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Steve Brobeck, the Executive Director of CFA first called real estate a cartel in 1991, and MassPIRG’s Executive Director Janet Domenitz was reelected President of CFA.  We’ve requested a meeting with @MassPIRG to background their team and get the Sleeping Giant of the Consumer Movement back on the Consumer Federation of America / @ConsumerFed’s radar screen if not the front page of the Boston Globe through their new consumer column, written by an investigative journalist with a law degree!

At Harvard

As an alum, have had divided feelings about blowing the whistle on Harvard’s involvement, but prepared a comprehensive critique of their homebuying class four years ago and more recently asked the state to take disciplinary action against Coldwell Banker for this blatant mispresentation:

In Boston

The National Association of Realtors is coming to Boston for their annual in November 2018, and http://RE2020.Loomio.org / #RE2020 hopes to organize quarterly events, including unconferences or hacks, before that date. As Bloomberg reported, Real Estate is Ripe for Disruption and Boston / Cambridge can become a lab for that challenge:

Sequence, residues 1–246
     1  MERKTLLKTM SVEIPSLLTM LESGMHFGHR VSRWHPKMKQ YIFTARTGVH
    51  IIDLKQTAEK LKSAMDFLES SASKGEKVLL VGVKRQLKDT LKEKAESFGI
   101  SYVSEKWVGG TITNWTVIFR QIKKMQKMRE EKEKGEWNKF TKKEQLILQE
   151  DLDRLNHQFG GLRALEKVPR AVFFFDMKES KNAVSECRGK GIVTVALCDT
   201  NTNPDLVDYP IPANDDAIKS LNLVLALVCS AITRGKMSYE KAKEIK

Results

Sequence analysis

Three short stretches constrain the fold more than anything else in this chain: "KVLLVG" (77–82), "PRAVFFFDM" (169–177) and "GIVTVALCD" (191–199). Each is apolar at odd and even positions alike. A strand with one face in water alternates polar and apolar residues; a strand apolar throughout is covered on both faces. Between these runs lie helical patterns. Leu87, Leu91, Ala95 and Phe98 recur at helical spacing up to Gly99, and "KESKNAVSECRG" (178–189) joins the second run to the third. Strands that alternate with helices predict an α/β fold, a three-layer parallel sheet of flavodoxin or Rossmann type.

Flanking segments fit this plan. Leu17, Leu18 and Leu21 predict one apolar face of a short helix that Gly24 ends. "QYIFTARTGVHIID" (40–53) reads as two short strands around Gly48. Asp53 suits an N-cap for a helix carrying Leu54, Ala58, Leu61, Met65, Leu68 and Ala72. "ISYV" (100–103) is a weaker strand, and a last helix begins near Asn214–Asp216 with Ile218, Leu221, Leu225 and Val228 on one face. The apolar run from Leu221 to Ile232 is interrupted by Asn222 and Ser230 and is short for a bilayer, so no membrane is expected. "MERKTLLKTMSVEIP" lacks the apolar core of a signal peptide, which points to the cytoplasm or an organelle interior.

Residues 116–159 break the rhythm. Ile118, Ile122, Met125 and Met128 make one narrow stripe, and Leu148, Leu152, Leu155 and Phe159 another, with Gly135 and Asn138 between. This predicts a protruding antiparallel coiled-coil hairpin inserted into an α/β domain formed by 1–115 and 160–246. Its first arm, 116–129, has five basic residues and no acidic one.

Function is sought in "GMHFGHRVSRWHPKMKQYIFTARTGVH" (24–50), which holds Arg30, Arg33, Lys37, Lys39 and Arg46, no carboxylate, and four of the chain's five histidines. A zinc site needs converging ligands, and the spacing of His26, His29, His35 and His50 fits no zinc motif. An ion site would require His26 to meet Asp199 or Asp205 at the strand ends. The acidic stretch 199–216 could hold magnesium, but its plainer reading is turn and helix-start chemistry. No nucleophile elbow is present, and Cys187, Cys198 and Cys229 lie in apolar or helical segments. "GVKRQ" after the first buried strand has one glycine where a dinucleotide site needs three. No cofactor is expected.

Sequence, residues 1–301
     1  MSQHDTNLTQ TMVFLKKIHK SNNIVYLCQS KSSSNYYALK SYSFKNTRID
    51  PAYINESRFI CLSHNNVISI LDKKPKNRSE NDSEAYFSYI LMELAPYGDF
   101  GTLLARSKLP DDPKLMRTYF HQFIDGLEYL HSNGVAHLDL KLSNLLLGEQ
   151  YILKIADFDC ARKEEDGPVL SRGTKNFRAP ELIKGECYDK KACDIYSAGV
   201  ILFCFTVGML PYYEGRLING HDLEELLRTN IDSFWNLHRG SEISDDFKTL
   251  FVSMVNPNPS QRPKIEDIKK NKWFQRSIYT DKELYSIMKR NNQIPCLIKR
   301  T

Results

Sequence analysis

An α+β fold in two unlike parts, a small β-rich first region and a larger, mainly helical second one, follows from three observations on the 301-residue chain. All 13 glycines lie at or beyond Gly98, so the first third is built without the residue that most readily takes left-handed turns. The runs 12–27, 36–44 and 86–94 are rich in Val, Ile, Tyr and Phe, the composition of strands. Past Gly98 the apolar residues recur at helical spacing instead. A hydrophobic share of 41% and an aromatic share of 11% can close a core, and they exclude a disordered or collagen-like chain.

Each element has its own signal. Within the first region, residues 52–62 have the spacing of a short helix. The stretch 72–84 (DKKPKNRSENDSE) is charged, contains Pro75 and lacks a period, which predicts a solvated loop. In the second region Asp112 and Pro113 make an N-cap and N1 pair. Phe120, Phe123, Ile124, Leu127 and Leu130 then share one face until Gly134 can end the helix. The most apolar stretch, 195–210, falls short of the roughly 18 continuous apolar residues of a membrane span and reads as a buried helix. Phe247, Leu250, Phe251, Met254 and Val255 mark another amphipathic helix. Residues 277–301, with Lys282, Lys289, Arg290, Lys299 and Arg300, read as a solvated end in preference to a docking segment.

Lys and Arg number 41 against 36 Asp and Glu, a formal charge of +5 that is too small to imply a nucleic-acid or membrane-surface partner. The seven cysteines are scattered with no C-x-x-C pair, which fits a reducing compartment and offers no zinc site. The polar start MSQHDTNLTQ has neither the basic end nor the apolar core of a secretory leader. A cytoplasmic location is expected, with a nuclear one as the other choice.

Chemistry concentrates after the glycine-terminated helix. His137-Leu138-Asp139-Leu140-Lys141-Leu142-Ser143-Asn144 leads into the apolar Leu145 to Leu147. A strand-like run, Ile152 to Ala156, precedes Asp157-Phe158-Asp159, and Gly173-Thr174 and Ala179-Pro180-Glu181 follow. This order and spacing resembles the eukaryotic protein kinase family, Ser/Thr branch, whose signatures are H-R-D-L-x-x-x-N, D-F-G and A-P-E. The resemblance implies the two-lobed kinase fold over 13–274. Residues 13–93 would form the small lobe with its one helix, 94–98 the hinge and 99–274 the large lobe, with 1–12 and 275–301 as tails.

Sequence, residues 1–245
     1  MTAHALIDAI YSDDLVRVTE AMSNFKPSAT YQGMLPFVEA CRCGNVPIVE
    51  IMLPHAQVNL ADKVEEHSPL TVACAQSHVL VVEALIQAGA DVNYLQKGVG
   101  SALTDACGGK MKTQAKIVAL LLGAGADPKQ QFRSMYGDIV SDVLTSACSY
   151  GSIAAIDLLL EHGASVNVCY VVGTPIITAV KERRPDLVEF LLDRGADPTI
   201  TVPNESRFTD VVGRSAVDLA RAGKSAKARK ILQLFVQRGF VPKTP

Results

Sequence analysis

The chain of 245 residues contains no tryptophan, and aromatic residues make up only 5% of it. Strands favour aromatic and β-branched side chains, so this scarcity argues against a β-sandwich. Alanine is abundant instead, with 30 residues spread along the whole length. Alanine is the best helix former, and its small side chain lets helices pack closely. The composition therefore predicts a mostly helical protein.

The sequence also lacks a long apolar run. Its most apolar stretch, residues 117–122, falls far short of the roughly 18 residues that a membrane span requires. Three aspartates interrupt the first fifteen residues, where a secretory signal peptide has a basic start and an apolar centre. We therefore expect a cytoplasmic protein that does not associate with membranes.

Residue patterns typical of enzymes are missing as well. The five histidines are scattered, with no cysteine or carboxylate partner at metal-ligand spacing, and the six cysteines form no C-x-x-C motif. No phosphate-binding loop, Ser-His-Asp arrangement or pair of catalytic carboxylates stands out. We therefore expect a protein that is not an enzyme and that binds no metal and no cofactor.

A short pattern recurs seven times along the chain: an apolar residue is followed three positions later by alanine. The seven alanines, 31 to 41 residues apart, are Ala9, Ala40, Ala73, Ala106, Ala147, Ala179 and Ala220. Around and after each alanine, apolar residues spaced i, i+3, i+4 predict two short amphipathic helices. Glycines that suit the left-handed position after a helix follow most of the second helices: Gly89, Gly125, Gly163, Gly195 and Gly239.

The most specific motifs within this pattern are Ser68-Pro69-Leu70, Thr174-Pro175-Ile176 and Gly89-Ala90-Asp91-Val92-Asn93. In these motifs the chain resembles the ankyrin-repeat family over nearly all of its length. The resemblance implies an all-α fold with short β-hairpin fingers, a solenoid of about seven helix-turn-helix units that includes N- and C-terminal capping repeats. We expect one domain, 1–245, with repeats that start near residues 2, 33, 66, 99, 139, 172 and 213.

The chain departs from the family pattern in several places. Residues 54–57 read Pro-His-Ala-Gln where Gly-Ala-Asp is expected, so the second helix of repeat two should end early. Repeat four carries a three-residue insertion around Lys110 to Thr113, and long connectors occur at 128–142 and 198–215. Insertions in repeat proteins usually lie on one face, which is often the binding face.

http://bit.ly/OpenREDisruptMA (share via social media)

http://bit.ly/RE2020Lab (share via social media)

Dream Scenario

This Fall marks the 25th Anniversary of Ralph Nader’s first speech on the real estate cartel, and consumers — primarily in Canada at this point — are using the hashtag #RECartel to express their anger at the industry. Can we use that anger (and maybe get Nader involved) to turbocharge new #CustomerTech tools to deliver BILLIONS in savings in real estate? That’s the goal of #RE2020, hence our desire to cohost a #Hack4REGood during @HUBweek.

This evening I can demo TransitionBank, an IntentCasting concept a four person team produced at Hacking for Good event at Harvard’s @InnovationLab ten days ago. What else should we talk about?